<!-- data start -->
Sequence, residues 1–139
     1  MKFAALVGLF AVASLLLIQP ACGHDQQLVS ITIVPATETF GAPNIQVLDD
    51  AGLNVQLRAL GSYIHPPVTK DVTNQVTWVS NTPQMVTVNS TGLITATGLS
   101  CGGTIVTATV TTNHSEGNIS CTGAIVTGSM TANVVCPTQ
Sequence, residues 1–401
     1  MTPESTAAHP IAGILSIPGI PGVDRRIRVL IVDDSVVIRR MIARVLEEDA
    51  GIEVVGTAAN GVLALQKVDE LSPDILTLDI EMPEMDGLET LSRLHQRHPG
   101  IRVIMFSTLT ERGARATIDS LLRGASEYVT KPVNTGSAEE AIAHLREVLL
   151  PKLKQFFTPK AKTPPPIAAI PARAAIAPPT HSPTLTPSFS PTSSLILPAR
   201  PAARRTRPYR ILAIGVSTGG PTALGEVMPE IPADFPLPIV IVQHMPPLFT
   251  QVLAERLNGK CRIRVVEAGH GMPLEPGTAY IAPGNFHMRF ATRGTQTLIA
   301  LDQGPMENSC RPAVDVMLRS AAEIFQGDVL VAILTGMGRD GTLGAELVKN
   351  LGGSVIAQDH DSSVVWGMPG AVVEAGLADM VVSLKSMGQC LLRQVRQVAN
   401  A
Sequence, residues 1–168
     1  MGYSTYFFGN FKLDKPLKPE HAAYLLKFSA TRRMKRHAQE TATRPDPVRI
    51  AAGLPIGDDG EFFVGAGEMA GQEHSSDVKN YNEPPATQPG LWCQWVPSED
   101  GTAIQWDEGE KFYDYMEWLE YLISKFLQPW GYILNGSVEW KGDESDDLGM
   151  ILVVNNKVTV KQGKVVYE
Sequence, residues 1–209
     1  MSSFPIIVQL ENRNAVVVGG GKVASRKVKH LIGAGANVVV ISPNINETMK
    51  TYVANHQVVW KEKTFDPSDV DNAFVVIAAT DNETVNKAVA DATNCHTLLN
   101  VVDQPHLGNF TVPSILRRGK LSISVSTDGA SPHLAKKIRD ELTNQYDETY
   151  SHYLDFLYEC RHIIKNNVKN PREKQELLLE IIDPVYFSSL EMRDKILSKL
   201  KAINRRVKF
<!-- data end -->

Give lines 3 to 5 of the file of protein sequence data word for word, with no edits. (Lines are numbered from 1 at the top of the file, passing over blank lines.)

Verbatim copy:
    51  AGLNVQLRAL GSYIHPPVTK DVTNQVTWVS NTPQMVTVNS TGLITATGLS
   101  CGGTIVTATV TTNHSEGNIS CTGAIVTGSM TANVVCPTQ
Sequence, residues 1–401